When the prostitution law challenge arose in 2009, we examined the debate around decriminalizing the oldest profession in the world and the controversial question of how to balance the law with the health and safety of prostitutes.
The key issue is the contradictory Criminal Code laws that make performing sex for money (prostitution) legal in Canada, while restricting where prostitutes can practise the trade, and severely limiting the people with whom they can associate.
Moreover, the sex-trade workers in this case argue that restrictions on their work activities are a violation of their rights under the Charter of Rights and Freedoms to security of the person and freedom of expression.
Specifically, the Criminal Code prohibits:
- Public communication for the purposes of prostitution (i.e., soliciting)
- Living off of the avails of “the prostitution of another person” (e.g., procuring, securing or managing)
- Keeping or using a common bawdy house (i.e., prevents prostitutes from offering services out of fixed indoor locations such as brothels or their homes)
Prostitution is a potentially dangerous activity. Sex-trade workers claim that the government is interfering with their ability to protect themselves by criminalizing what are rudimentary and obvious steps they could take to reduce the risk of physical harm to them while they are engaged in the lawful activity of prostitution. In essence, they assert that the challenged Criminal Code provisions interfere with their personal security by forcing them to choose between the substantial added safety risk that comes with compliance with those provisions and the risk of incarceration that comes with non-compliance with those same provisions.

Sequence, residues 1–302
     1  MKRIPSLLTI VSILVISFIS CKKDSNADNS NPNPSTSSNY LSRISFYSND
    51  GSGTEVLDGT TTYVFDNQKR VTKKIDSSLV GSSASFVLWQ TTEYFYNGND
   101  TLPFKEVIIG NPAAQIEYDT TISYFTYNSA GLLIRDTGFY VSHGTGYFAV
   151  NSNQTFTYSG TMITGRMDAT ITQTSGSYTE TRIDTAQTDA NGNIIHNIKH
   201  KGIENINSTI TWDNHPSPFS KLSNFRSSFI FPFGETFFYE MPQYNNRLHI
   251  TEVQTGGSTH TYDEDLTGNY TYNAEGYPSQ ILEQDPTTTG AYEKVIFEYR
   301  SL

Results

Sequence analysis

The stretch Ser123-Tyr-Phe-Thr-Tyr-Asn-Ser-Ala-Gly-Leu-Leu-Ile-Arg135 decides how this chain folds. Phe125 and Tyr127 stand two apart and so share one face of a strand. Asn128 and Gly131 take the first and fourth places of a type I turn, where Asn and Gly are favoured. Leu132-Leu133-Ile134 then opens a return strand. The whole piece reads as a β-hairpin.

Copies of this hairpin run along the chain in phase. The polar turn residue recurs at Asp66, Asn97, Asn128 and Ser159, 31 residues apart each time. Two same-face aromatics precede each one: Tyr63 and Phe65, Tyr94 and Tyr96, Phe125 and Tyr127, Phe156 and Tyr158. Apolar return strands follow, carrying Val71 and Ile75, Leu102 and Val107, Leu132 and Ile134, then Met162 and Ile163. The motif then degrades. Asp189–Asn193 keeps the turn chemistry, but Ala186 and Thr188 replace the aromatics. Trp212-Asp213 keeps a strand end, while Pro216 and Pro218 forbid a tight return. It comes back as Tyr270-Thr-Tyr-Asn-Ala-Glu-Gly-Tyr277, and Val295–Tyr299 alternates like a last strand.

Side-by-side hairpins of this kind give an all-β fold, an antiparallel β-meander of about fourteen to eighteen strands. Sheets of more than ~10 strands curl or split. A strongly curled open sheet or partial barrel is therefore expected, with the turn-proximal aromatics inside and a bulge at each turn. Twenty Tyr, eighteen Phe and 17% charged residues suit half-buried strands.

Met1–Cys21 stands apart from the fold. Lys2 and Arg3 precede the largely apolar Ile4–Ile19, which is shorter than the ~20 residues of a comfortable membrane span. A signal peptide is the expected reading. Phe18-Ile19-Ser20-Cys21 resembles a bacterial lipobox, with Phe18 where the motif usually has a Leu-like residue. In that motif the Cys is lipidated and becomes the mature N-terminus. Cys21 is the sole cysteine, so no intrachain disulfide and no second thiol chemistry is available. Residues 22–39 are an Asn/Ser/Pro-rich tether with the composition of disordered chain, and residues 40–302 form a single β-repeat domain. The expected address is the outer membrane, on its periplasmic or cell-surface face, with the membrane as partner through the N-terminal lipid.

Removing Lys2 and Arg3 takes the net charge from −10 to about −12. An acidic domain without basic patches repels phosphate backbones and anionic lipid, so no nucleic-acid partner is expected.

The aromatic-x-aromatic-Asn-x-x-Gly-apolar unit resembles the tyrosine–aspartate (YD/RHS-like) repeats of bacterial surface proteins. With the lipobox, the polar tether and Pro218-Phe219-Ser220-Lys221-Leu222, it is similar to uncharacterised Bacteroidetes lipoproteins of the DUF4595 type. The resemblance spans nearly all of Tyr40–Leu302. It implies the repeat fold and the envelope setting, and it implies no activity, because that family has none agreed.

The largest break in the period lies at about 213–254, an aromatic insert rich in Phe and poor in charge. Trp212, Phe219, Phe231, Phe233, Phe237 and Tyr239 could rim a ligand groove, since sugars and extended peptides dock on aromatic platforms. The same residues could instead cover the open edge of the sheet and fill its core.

On September 28, 2010, the Superior Court, without deciding whether or not there is a constitutional right to sell sex or the right policy model (criminalization, regulation or abolition), agreed with the plaintiffs’ arguments, ruling that the Criminal Code provisions relating to prostitution contribute to the danger faced by sex-trade workers in Ontario.
Moreover, Justice Susan Himel ruled that the laws that forbid running a bawdy house, communicating for the purpose of prostitution, and living off the avails of prostitution were unconstitutional and are not in accord with the principles of fundamental justice.
The federal and Ontario government appealed the ruling.
On March 26, 2012, the Ontario Court of Appeal acknowledged that:
Prostitution is a controversial topic, one that provokes heated and heartfelt debate about morality, equality, personal autonomy and public safety.
In Canada, prostitution itself is legal. There is no law that prohibits a person from selling sex, and no law that prohibits another from buying it. Parliament has, however, enacted laws that indirectly restrict the practice of prostitution by criminalizing various related activities.
The Court overturned two of the three sections of the Criminal Code‘s prostitution law on the grounds that they are unconstitutional.